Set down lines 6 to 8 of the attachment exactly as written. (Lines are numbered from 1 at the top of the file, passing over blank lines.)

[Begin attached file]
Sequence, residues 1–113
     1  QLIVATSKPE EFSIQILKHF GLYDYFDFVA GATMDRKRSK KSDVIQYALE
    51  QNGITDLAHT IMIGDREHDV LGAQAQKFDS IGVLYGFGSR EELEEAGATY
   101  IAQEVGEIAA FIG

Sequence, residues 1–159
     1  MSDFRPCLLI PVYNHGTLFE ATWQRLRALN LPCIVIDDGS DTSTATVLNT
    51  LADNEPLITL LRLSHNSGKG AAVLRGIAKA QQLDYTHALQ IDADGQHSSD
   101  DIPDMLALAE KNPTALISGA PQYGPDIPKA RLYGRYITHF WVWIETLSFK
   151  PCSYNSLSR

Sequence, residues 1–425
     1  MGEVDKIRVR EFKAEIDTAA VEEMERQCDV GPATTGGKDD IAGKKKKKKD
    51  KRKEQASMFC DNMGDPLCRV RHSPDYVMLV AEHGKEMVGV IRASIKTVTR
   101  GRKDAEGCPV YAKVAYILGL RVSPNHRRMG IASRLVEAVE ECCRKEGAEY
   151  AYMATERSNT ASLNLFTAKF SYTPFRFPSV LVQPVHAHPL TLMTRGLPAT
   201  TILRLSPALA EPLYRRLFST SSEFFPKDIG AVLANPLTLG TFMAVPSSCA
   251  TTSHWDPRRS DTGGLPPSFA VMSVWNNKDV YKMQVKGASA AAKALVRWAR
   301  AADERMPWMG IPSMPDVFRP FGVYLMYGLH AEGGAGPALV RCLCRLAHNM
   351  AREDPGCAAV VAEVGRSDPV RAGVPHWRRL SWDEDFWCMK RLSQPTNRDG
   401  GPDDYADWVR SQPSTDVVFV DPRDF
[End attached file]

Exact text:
     1  MSDFRPCLLI PVYNHGTLFE ATWQRLRALN LPCIVIDDGS DTSTATVLNT
    51  LADNEPLITL LRLSHNSGKG AAVLRGIAKA QQLDYTHALQ IDADGQHSSD
   101  DIPDMLALAE KNPTALISGA PQYGPDIPKA RLYGRYITHF WVWIETLSFK